Wed Jan 10, 2018 1:25 pm

Now delayed until tomorrow.

Looks like #FalconHeavy test fire rescheduled for Thursday. SpaceX still has the same window to briefly fire 27 Merlin engines: 1300 to 1900 ET.


https://twitter.com/EmreKelly/status/951058559646814208
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JetBuddy
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Re: SpaceX - Tests, Launches, Developments

Wed Jan 10, 2018 5:42 pm

Will be interesting to find out what really happened here. But perhaps we never will. Apparantly there is a lot of video footage of fairing deploy, stage seperation and more, but it will never be released to the public.

No new info from SpaceX or Elon Musk lately on this. And Northrop Grumman has remained silent.
 
DigitalSea
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Re: SpaceX - Tests, Launches, Developments

Wed Jan 10, 2018 6:44 pm

JetBuddy wrote:
Will be interesting to find out what really happened here. But perhaps we never will. Apparantly there is a lot of video footage of fairing deploy, stage seperation and more, but it will never be released to the public.

No new info from SpaceX or Elon Musk lately on this. And Northrop Grumman has remained silent.


Sometimes, things are best left secret :)
 
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flyingturtle
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Re: SpaceX - Tests, Launches, Developments

Wed Jan 10, 2018 9:14 pm

DigitalSea wrote:
JetBuddy wrote:
No new info from SpaceX or Elon Musk lately on this. And Northrop Grumman has remained silent.


Sometimes, things are best left secret :)


I'd remain silent too if I wasted taxpayer money to launch a Ford Pinto into LEO.


David
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parapente
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Re: SpaceX - Tests, Launches, Developments

Thu Jan 11, 2018 8:49 am

Ah well.Back to main event the FH.
Static burn v soon followed by launch later this month.
Will have all my fingers and toes crossed for Spacex.
In an odd way this ugly duckling of his Space dreams could turn out to be pivotal imho.
I personally don't buy into his BFR launch maths or even that his customers will want it.Its an interplanetary veichle and no amount of PR slides will convince me otherwise.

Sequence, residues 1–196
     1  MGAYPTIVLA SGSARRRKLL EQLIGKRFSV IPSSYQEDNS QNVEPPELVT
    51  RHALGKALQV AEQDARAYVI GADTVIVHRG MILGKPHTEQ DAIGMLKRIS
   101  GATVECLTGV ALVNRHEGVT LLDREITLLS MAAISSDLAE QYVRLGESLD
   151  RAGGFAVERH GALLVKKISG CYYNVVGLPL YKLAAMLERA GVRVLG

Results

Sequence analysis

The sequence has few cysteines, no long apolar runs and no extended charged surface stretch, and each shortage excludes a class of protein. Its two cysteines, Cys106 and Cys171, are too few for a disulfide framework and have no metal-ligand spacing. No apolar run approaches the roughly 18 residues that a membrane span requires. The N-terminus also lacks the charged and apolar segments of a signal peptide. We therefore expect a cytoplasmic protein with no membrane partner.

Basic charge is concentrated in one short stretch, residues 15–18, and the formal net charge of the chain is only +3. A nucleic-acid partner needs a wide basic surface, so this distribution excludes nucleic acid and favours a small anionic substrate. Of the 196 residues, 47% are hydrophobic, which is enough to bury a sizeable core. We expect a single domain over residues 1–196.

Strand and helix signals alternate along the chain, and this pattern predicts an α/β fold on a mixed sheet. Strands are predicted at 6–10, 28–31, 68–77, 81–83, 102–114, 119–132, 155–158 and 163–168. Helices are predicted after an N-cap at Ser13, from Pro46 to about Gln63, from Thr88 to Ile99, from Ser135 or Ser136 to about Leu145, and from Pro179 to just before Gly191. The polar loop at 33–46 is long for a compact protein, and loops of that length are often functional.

So to pay for the BFR the SLS must die ( which it should anyway).
The new (and only frankly) objective for the SLS is a Moon base (D Trump).2019/20 the rocket will exist-but no means of actually doing a Moon base.
The BFR won't exist for another 4 years (at best).But will be able to create a Moon base (easily) when it's ready.
What Elon has to do with the FH is to show the World that Spacex can do 'Moon Stuff'.
He already knows this of course hence the '1lap round the Moon and back' stunt.
But he need to land something there - and if possible get back to Earth.
If he achieves that the SLS will be dead meat.No Congressional politician will be able to continue to lobby for further state SLS funding.
That money (billions) will then be re directed to the BFR in partnership with NASA.
2024 is far far too soon for Mars....But the Moon? It may just be possible.
People want to see things (ie in their life time).Trump is not young or that Bigelow fellow.They will want to make it happen asap.
Only Spacex can.
BTW has anyone got a view on Bezos' plans?New Glen is bigger than you want for commercial launches but too small for Mars - or the Moon really.He must have a commercial objective.I can only think of a space hotel in Earth orbit.
 
zanl188
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Re: SpaceX - Tests, Launches, Developments

Thu Jan 11, 2018 10:48 am

Building BFR in Louisiana and/or Utah. That would do in SLS nicely. I don’t think Musk will do it though.